It’s disappointing that Maui is continuing to side-step the pollution problem. If politics prevails over science in a ruling from the Supreme Court, heightened vigilance in safeguarding Hawaii’s near-shore ecosystems from landbased sources of pollution will fall squarely on county and state governments. 

Lahaina Injection Wells Lawsuit: Enough Already! Just Fix the Problem

The Honolulu Star-Advertiser agrees – Enough already, Maui County! Stop trying to appeal the lawsuit and start fixing the problem!

 

Call/Email the Mayor & Maui Council Chair and say “ENOUGH ALREADY! Stop wasting the public’s money to defend illegal injection wells in West Maui. Spend the money instead on fixing the problem!”

Mayor Alan Arakawa
270-7855
Mayors.Office@co.maui.hi.us

Council Chair Mike White
270-5507
mike.white@mauicounty.us

 

Background: $3 million down the toilet – Enough Already!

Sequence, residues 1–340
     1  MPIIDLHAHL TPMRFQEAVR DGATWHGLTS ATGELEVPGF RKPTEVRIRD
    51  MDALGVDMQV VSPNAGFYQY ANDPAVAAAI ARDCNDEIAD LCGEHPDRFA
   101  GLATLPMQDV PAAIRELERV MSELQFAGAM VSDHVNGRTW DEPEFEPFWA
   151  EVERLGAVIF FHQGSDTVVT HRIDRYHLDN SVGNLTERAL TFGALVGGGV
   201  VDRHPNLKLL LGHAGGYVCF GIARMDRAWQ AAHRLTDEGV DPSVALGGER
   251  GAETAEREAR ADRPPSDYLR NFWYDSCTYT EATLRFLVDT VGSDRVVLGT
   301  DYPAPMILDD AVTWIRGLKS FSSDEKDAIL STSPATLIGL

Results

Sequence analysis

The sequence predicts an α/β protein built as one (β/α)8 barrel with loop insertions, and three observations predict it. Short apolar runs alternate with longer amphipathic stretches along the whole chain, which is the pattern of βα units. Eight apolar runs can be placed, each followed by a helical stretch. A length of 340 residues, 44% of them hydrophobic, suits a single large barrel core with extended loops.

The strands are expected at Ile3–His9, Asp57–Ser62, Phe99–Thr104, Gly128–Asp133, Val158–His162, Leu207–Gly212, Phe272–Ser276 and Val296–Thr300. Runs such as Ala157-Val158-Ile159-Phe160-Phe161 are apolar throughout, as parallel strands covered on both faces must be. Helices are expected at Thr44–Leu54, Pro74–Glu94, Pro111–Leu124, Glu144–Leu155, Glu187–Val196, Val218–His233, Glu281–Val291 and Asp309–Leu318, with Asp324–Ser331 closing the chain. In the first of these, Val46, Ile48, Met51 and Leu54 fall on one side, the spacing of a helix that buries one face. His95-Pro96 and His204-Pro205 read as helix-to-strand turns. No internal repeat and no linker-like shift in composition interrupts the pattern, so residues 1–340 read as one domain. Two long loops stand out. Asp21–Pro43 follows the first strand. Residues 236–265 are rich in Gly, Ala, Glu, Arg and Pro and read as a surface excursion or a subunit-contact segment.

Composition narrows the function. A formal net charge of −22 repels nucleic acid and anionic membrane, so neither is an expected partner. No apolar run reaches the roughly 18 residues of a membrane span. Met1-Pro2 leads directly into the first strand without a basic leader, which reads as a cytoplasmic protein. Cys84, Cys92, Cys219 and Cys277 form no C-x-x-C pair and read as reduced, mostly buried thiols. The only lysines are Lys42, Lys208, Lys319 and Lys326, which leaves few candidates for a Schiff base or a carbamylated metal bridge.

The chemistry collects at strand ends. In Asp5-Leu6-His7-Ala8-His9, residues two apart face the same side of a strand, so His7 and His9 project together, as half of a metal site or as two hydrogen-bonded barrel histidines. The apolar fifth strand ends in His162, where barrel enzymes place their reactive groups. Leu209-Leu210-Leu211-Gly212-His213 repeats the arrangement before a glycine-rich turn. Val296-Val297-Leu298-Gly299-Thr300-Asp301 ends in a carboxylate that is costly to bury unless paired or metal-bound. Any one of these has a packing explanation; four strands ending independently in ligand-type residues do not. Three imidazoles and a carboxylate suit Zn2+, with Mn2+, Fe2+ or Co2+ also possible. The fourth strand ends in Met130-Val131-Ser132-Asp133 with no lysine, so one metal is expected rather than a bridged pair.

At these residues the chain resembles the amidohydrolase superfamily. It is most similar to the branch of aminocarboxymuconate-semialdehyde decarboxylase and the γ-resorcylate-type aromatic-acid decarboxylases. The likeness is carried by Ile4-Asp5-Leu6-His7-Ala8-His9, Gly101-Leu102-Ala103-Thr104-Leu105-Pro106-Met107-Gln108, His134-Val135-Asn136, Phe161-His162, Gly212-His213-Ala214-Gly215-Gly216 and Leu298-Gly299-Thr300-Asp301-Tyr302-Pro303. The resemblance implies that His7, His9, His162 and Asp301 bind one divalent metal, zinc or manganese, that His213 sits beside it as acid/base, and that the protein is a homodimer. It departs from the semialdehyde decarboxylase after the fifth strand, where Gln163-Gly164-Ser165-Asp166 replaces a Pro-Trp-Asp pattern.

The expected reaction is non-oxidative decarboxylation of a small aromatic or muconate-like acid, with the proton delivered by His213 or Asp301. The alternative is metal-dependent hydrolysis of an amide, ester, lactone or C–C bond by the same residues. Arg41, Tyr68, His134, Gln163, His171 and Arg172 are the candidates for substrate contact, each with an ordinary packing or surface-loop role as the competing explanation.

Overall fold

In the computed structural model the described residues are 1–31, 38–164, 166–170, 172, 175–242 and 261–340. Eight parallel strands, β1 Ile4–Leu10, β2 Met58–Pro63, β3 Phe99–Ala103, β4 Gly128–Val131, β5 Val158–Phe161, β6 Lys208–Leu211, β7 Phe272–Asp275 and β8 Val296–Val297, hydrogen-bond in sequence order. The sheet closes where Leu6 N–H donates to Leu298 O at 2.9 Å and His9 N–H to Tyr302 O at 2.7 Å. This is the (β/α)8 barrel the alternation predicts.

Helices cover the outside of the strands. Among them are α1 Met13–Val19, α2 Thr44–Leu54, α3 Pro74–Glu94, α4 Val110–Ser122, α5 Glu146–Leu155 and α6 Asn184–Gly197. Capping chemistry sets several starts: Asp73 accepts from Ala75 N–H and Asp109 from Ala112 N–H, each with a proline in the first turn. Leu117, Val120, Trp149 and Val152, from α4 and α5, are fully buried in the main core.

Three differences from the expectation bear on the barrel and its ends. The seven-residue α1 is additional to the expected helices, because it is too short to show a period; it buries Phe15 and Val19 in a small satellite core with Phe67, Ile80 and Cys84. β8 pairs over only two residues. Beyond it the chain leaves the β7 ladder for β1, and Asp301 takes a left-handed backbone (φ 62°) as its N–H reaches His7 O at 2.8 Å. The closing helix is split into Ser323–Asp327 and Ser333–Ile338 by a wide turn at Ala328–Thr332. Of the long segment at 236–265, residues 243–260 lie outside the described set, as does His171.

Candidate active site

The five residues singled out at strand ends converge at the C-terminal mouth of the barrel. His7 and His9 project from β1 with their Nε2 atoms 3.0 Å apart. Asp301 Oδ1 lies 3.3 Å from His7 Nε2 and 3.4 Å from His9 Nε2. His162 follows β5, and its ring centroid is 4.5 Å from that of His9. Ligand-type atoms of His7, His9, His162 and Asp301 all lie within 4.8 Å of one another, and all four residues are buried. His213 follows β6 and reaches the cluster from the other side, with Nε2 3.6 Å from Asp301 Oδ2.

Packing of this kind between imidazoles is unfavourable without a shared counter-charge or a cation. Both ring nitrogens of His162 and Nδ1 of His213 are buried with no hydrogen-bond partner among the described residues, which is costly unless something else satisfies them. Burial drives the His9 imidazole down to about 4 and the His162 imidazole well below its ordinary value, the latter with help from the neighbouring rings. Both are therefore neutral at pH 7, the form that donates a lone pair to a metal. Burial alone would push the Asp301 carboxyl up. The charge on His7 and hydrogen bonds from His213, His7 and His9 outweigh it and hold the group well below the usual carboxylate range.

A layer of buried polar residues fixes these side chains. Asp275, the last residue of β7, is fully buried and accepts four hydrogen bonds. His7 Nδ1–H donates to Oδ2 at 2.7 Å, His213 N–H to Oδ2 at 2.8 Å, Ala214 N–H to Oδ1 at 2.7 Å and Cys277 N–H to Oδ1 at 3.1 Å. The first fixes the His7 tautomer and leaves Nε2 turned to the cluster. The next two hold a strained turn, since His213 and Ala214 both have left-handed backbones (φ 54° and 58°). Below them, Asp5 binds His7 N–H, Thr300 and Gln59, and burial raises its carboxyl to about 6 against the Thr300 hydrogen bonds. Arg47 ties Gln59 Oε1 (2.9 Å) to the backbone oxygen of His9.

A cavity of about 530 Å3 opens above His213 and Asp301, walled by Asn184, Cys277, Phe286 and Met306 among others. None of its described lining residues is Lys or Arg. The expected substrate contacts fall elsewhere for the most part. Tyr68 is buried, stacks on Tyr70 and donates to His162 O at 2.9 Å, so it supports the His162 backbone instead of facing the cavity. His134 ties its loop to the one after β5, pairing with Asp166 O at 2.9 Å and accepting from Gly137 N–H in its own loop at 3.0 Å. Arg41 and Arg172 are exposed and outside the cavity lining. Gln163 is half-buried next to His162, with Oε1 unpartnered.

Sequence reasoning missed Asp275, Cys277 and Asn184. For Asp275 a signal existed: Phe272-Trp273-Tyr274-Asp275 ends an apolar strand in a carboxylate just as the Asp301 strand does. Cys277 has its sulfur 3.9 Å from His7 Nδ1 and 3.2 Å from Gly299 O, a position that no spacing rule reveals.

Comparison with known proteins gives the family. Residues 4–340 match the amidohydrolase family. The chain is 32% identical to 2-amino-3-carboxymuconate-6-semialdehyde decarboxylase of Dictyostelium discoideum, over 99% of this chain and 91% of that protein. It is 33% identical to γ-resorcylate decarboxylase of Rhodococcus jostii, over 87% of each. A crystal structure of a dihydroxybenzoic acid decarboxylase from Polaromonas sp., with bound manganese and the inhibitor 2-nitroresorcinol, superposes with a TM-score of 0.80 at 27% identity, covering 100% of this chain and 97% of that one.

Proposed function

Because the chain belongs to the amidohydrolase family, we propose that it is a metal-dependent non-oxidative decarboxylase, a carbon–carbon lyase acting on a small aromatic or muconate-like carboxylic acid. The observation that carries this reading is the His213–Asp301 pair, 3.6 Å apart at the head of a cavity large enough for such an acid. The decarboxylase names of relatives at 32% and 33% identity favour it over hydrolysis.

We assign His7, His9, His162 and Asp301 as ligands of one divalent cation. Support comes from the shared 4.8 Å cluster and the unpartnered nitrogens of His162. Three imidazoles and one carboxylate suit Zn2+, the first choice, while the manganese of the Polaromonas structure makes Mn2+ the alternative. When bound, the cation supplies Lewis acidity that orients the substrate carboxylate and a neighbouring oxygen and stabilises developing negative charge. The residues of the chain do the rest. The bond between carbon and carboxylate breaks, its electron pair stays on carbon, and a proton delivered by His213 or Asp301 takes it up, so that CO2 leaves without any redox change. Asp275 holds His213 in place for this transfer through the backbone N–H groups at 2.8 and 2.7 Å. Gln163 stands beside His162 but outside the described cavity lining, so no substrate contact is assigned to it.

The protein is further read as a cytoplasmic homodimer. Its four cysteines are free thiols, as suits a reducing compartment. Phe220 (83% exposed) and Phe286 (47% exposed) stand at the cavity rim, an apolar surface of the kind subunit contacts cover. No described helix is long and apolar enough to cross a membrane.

The County paid a main land law firm $3 million to defend its actions of injecting treated wastewater into the ocean without proper state oversight. The County was joined in its fight by the Association of American Railroads, the American Iron and Steel Institute, the American Petroleum Institute, the National Mining Association and the Fertilizer Institute.

The County lost the original court case but kept filing appeals – in total they’ve spent $3 million and lost all 4 times in court. Sierra Club Maui Group was one of 4 plaintiffs in the case, and just this month the County lost ANOTHER appeal.

The County COULD have used that money to build the infrastructure we need to support water recycling. Instead, now they’re talking about filing MORE appeals. Will this be another $3 million of public money down the toilet?

Call or email the mayor and council chair and say: Enough Already – Stop spending the public’s money on lawsuits and just fix the problem!